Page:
As 1972 lengthened as he campaigned in the Wisconsin primary, McCarthy attacked both George McGovern and John Lindsay and gave every indication of embracing a third party candidacy. He received only 115,652 votes there, less than 1% of the total and finished seventh among 11 Democrats. The primary established George McGovern as the new leader of the Democratic Left but a Republican crossover vote put him ahead of Humphrey—otherwise they would have tied. The Republicans crossed over to vote for McGovern viewing, correctly as it turned out, that he would be the easiest for Richard Nixon to defeat..

Humphrey Faces Growing Anti-Vietnam Party.

Meanwhile, Hubert resolved to run in 1972 but it was clear that he had lost the verve and excitement he had enjoyed when he was a somewhat outside liberal in the 1960s. His loyalty to Lyndon Johnson as vice president seemed to be draining the potential supporters from him. Nonetheless he plugged along. Initially he misunderstood his popularity and planned to wait until the California primary in 1972 to enter the race and scoop up a mammoth victory. Now sniffing the atmosphere he knew he had to get in early and fight for the nomination as never before. In September, 1971 he wrote a letter to Pennsylvania Governor George Leader informing him and 50,000 other Democrats from his prior campaigns that he was available. The Steelworkers were signed up although the AFL-CIO was cool. In October his friends gathered in a rally for him at the Minneapolis Radisson hotel and pledged $800,000 for him if he would run—then a sizable amount of money…now just enough to carry one for a few months.

Then Hubert began to travel around the country taking soundings. He had gone to a new tailor and was outfitted in mod 1970s suits. He had gone to a new barber and had a reddish hue applied to his black dyed hair. Already George McGovern had been in the field for a year; Muskie had signed up 16 senators and key Democrats in every state. Hubert turned to organized labor, an old bulwark, and found it had hopped on the Henry Jackson bandwagon. His campaign manager Jack Chestnut who had played a major role in 1968 was on deck. They scrambled for support, picking up the leavings that weren’t accumulated by Muskie, McGovern or Jackson.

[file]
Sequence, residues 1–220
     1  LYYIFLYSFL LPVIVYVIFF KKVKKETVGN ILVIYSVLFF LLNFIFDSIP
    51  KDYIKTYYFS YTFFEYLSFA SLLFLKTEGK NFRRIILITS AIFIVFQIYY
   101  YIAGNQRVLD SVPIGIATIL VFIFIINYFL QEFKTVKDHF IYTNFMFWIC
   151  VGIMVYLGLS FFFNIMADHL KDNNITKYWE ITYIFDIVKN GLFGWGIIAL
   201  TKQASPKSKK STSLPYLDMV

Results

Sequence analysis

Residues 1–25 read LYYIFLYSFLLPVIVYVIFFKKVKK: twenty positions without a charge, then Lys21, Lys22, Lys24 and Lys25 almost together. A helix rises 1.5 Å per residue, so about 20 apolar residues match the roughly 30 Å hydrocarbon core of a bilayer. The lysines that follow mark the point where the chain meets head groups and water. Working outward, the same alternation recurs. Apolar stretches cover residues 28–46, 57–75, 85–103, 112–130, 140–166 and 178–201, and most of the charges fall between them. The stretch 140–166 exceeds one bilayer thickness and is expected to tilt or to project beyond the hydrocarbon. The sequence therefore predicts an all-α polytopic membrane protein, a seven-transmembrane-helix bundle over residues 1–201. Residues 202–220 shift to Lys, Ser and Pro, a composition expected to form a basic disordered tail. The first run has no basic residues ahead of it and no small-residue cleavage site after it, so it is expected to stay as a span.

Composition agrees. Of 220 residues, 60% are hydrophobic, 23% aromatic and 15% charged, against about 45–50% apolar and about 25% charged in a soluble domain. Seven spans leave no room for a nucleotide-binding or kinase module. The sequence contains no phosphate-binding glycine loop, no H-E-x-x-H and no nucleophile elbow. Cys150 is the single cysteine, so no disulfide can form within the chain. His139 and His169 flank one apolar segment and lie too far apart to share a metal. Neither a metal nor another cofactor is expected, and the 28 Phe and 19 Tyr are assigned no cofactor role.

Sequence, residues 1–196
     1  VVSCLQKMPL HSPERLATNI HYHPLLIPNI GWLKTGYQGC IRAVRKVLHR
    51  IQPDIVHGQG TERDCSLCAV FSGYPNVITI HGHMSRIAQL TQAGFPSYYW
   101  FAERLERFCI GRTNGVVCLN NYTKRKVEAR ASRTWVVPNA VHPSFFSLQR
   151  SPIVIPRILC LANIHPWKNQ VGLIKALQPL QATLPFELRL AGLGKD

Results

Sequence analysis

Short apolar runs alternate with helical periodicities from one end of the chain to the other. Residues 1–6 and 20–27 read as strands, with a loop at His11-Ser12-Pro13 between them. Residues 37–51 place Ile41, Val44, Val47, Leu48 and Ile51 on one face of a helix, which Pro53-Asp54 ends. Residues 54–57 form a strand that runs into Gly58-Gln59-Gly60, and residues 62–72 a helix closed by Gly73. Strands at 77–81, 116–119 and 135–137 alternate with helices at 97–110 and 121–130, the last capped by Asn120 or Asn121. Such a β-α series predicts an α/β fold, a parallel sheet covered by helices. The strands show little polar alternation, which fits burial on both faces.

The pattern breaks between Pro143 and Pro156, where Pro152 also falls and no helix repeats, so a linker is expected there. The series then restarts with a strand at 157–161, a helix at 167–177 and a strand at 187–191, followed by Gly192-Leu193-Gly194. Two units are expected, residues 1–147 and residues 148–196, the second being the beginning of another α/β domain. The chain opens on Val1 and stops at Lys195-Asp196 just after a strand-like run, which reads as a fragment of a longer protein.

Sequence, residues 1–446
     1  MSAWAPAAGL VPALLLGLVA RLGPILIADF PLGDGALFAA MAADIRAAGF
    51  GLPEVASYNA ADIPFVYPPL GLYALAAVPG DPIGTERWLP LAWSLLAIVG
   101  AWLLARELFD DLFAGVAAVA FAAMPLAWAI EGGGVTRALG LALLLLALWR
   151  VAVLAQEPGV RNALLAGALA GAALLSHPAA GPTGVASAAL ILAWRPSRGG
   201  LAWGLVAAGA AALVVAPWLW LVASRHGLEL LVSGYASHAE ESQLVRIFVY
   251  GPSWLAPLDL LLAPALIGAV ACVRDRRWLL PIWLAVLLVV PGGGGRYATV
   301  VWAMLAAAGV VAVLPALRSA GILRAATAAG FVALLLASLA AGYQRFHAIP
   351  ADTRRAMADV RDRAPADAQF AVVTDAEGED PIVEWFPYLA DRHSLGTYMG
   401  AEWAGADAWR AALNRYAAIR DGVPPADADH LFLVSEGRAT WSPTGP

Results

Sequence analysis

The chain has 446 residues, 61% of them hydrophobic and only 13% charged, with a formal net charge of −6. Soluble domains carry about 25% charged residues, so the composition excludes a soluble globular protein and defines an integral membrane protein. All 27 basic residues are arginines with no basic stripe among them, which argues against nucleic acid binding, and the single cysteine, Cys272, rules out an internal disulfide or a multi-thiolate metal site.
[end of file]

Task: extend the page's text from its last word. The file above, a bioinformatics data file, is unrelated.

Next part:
This time Hubert put Ben Wattenberg to work on a speech that was to be his stump oration. It was entitled: “Liberalism and `Law and Order’: Must there be a Conflict?” In the speech and a later book produced by Wattenberg, Hubert advised liberals to cool their preoccupation with youth, the poor and blacks and at the very least match it with concern for the middle class, declaring that liberals must fight social disruption and urban violence, must “condemn crime and riots and violence and extreme social turbulence and extreme social imbalance.”

Taken with this message he traveled to 26 states including Alaska but he met resistance. Party leaders loved him but feared he couldn’t win. So Hubert decided to make a real go of it in two primaries, Florida on March 14 and Wisconsin on April 4 to shake the loser’s image. A poll he had taken showed he was ahead of all Democratic candidates except Ted Kennedy who because of Chappaquiddick wasn’t running but whose name was still very popular. For sentimental reasons he chose Philadelphia for his announcement since it was at Philadelphia in 1948 that he electrified the nation with his civil rights fight and changed the character of the Democratic party forever. He announced there on January 10, the deadline for entering the April 25 Pennsylvania primary with its 182 delegate votes. At 11 a.m. on January 10, 1972 he announced for the presidency for the third time.

The Florida primary brought him bad news. He won only 19% of the vote and finished far behind George Wallace who led with 42%. But there were good signs. Muskie had showed serous weakness as a campaigner, getting only 9% and finishing fourth behind Henry Jackson. In Wisconsin McGovern came in first due to an orchestrated Republican crossover (other Republicans went for Wallace). Hubert came in third with 21%, behind Wallace with 22%. McCarthy’s low 1% result led him to decide to go either independent or third party.